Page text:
Faculty gather to reassure prospective students


Photo courtesy of Akron-AAUP Facebook page

From left to right, Professor Pam Schulze, Associate Professor Michelle Byrne, Associate Professor Kevin Kern, Professor Constance Bouchard, and Professor Steve Harp.

By Zaina Salem, Editor-in-Chief

In an effort to show their support for a fair contract, and to send a positive message to prospective and current students, faculty members from the Akron American Association of University Professors (Akron-AAUP) handed out nearly 1,000 cards outside of the Student Union to those attending Senior Day on Monday, Feb. 15.

Kate Budd, an associate professor of art and organizer of the event, said AAUP wanted to do something positive to try and counteract the negative publicity about The University of Akron in the press this past year.

The cards welcomed prospective students and listed ways the faculty will provide for them with statements such as “We, the faculty, are fully committed to furthering the academic mission of the university” and “We, the faculty, do everything in our power to ensure that you will earn not just a degree, but also a top-notch education to help you in your career.”

The faculty offered cookies and hot chocolate while speaking with students, their families, and members of the University community.

“Morale is very low amongst the faculty right now, and it was important for us to do something concrete and positive to help the situation,” Budd said. “We want to help, and we know that getting the focus back to the learning environment is a big part of the solution.”

According to its website, the Akron-AAUP is focused on getting students quality education at UA and believes that “the University administration must prioritize the educational mission of the institution in a way that places academic instruction and student learning first.” Essential to its goal are “faculty who are fairly and competitively compensated.“

“This is why we are fighting so hard at the negotiating table — because we need a fair contract to be able to retain and attract the best faculty we possibly can,” Budd said.

Budd was told that their group could not pass out cards inside the Student Union, because solicitation wasn’t allowed there. She found this surprising, and noted that they were doing exactly what the Senior Day organizers were doing: welcoming prospective students.

“The only other problem was that after everyone came back outside, a student tour group leader blocked me from passing cards,” Budd said. “When I asked him about it, and showed him our cards to let him know what we were doing and that he didn’t need to worry, he said he didn’t have a problem with us, but the tour leaders had been ‘warned to look out’ for faculty.”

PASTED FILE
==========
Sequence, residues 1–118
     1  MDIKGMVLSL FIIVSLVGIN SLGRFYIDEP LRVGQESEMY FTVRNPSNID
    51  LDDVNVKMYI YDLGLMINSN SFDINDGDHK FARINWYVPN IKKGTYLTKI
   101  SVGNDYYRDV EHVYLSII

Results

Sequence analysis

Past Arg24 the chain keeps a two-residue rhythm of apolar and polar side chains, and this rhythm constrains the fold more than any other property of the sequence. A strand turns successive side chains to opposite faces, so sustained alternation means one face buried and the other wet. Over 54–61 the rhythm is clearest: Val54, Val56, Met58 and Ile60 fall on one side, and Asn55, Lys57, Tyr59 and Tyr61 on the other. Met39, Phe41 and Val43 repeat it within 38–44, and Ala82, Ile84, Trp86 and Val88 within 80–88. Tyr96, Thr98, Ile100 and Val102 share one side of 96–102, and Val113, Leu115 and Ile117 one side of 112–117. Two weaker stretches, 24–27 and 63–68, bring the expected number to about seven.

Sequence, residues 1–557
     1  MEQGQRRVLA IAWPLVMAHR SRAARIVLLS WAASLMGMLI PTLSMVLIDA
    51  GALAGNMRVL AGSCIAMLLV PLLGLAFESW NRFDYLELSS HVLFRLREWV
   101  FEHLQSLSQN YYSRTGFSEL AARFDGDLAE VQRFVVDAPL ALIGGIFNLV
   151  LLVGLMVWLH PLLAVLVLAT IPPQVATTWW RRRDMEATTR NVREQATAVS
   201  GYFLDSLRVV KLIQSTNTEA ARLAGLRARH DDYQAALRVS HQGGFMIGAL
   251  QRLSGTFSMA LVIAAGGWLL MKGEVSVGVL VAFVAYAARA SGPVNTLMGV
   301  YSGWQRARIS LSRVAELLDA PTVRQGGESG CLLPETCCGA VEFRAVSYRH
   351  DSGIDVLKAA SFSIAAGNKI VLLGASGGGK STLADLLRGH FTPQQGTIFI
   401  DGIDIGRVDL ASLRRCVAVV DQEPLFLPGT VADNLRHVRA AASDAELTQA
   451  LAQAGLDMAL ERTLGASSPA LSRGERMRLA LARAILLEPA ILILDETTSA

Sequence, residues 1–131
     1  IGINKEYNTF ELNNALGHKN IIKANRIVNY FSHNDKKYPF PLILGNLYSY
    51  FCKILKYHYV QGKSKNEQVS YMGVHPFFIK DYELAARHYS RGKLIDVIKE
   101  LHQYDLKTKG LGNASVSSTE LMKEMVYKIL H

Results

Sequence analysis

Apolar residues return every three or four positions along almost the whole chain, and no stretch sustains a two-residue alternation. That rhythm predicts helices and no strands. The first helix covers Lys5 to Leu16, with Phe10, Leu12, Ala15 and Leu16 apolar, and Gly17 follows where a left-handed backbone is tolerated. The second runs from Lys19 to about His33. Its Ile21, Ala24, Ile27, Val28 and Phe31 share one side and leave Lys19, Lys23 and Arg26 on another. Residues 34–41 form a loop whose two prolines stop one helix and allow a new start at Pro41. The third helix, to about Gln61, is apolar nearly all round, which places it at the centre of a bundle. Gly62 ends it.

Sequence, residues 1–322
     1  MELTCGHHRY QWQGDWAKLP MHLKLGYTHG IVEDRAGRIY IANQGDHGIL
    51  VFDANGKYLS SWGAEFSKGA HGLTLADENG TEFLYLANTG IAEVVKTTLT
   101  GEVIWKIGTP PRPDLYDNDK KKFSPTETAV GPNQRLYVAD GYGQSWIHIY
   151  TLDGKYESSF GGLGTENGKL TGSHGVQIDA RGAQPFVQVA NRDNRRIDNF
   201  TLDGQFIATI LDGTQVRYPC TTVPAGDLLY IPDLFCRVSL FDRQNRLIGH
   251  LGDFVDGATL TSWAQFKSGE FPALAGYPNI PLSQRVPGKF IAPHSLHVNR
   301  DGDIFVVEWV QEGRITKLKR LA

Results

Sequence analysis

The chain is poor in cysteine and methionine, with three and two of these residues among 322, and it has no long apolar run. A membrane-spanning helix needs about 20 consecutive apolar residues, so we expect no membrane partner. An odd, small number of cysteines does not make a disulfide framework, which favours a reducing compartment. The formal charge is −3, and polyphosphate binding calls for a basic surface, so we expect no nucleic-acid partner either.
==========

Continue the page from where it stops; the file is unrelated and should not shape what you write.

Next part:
The Akron-AAUP’s website states that there has been progress on non-economic issues, but it now faces difficult negotiations on compensation and health-care benefits. The website also states “The Akron-AAUP regards the University’s salary proposal as entirely insufficient, and the increased costs of health care plans, and aggressive phase-out of retiree spouse and dependent coverage, all as punitive, unnecessary, and indefensible.”

The Akron-AAUP is still in the process of negotiations, and if it is unable to reach an agreement on disputed issues, the issues will be referred to the “fact finding process.” The process is a method for resolving issues in collective bargaining with an independent third party.

President of Akron-AAUP John Zipp said it is too early to assess the probabilities of various labor actions, including a strike.

“We are still in negotiations; just two weeks ago, Board of Trustee Chair [Jonathan] Pavloff released a statement in which he expressed the Board’s commitment to negotiating in good faith, and we share this commitment,” Zipp said.

Zipp said it is rare for unions to strike, and hopes they are not forced to go there.

A picture of a button on Akron-AAUP’s website reads “I Don’t Want to Strike But I Will.”

“Negotiating sessions continue to be held with the AAUP chapter but we believe it is best not to make any public comment about the status of those discussions,” UA spokesman Wayne Hill said.

Budd said the faculty got a morale boost from being able to do something positive.

“By coming out with such great spirit in horrible weather conditions to welcome students and their families, we demonstrated our commitment to The University of Akron, and that we care deeply about our students,” Budd said.

According to Zipp, there are no similar events planned, but says the Akron-AAUP is well-organized to mobilize a considerable number of faculty quickly if needed.

“It is quite important that no one underestimate the resolve of the faculty to obtain a fair contract,” Zipp said.